6. 6. A rotor blade in accordance with claim 5, wherein said second sparcap has a second width that is greater than the first width for reducing a length of the second panel wall.
  7. 7. A rotor blade in accordance with claim 5, wherein said first sparcap has a first chordwise cross-section area, said second sparcap has a second chordwise cross-section area that is approximately equal to the first chordwise cross-section area.
  8. 8. A rotor blade in accordance with claim 5, wherein said rotor blade has a neutral axis extending between a leading edge and a trailing edge of said rotor blade, said first sparcap is positioned at a first distance from the neutral axis, and said second sparcap is positioned at a second distance from the neutral axis that is greater than said first distance.
  9. 9. A rotor blade in accordance with claim 5, wherein said rotor blade includes a leading edge and a trailing edge, said rotor blade further comprises a third sparcap coupled to one of said first blade section and said second blade section adjacent the leading edge.
  10. 10. A rotor blade in accordance with claim 5, wherein said rotor blade includes a leading edge and a trailing edge, said rotor blade further comprises a third sparcap coupled to one of said first blade section and said second blade section adjacent the trailing edge.
  11. 11. A rotor blade in accordance with claim 5, further comprising:
    at least one first core fillet coupled to said first blade section, said first core fillet having a first chordwise width; and,
    at least one second core fillet coupled to said second blade section, said second core fillet having a second chordwise width that is less than said first chordwise width.
  12. 12. A rotor blade in accordance with claim 5, further comprising a root portion and a tip portion, said first sparcap and said second sparcap extending from said root portion towards said tip portion, wherein the first chordwise width and the second chordwise width each are shorter at said tip portion than at said root portion.
  13. 13. A wind turbine, comprising:
    a tower;
    a nacelle coupled to said tower;
    a hub rotatably coupled to said nacelle; and,
    at least one rotor blade coupled to said hub, said rotor blade comprising:
    a first blade section comprising at least one first panel wall;
    a second blade section comprising at least one second panel wall, said second blade section coupled to said first blade section to form said rotor blade;
    a first sparcap coupled to said first blade section, said first sparcap having a first chordwise width; and,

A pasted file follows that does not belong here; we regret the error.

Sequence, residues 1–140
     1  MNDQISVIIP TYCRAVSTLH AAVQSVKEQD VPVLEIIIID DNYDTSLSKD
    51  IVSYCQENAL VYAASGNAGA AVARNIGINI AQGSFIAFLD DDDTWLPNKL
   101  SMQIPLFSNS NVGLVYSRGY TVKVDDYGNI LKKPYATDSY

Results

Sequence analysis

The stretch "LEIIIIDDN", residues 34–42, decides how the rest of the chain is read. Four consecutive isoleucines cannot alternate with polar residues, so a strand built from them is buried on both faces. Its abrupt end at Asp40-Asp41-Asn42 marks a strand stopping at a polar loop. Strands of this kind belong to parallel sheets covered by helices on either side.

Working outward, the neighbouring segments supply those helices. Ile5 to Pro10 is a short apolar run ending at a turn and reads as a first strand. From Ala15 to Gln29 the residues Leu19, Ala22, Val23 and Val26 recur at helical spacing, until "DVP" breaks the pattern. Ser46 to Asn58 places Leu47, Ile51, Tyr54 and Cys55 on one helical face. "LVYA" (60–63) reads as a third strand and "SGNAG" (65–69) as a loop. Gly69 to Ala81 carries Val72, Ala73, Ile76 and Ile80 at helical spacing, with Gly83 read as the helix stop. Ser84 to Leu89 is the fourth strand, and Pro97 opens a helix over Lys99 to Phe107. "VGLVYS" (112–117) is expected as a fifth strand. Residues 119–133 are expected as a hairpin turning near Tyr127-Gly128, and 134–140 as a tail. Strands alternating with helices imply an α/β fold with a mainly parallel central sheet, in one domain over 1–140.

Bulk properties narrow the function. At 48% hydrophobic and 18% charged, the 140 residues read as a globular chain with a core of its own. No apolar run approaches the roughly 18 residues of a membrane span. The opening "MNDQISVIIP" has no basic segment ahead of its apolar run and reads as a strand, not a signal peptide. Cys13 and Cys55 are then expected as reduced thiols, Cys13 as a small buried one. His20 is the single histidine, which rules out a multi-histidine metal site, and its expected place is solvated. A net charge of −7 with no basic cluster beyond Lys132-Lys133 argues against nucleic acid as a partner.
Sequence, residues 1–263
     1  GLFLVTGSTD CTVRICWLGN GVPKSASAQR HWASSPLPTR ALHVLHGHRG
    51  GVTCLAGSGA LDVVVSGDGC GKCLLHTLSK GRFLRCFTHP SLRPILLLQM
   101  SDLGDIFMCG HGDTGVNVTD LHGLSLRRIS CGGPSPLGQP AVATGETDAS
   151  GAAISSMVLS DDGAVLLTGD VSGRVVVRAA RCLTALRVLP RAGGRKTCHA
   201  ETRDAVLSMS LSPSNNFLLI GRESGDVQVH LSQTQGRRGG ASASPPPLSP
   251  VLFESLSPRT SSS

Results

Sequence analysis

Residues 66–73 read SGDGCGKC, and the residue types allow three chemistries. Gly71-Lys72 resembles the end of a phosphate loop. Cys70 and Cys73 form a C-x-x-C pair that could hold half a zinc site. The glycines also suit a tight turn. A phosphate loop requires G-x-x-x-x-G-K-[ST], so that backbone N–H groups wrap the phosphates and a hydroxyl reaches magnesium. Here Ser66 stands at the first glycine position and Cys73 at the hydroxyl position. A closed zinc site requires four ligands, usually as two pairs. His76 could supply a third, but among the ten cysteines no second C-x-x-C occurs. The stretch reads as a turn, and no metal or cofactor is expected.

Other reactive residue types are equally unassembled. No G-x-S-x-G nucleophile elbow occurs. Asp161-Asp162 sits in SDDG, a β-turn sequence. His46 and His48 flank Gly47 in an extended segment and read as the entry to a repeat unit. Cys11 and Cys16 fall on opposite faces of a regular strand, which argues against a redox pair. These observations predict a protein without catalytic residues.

a second sparcap coupled to said second blade section, said second sparcap having a second chordwise width that is greater than the first chordwise width.
  14. 14. A wind turbine in accordance with claim 13, wherein said second sparcap has a second width that is greater than the first width for reducing a length of the second panel wall.
  15. 15. A wind turbine in accordance with claim 13, wherein said first sparcap has a first chordwise cross-section area, said second sparcap has a second chordwise cross-section area that is approximately equal to said first chordwise cross-section area.
  16. 16. A wind turbine in accordance with claim 13, wherein said rotor blade has a neutral axis extending between a leading edge and a trailing edge of said rotor blade, said first sparcap is positioned at a first distance from the neutral axis, and said second sparcap is positioned at a second distance from the neutral axis that is greater than said first distance.
  17. 17. A wind turbine in accordance with claim 13, wherein said rotor blade includes a leading edge and a trailing edge, said rotor blade further comprises a third sparcap coupled to one of said first blade section and said second blade section adjacent the leading edge.
  18. 18. A wind turbine in accordance with claim 13, wherein said rotor blade includes a leading edge and a trailing edge, said rotor blade further comprises a third sparcap coupled to one of said first blade section and said second blade section adjacent the trailing edge.
  19. 19. A wind turbine in accordance with claim 13, wherein said rotor blade further comprises:
    at least one first core fillet coupled to said first blade section, said first core fillet having a first chordwise width; and,
    at least one second core fillet coupled to said second blade section, said second core fillet having a second chordwise width that is less than said first chordwise width.
  20. 20. A wind turbine in accordance with claim 13, wherein said at least one rotor blade further comprises a root portion and a tip portion, said first sparcap and said second sparcap extending from said root portion towards said tip portion, wherein the first chordwise width and the second chordwise width each are shorter at said tip portion than at said root portion.
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US8651822B2 (en) * 2009-12-25 2014-02-18 Mitsubishi Heavy Industries, Ltd. Wind turbine rotor blade and wind-generating wind turbine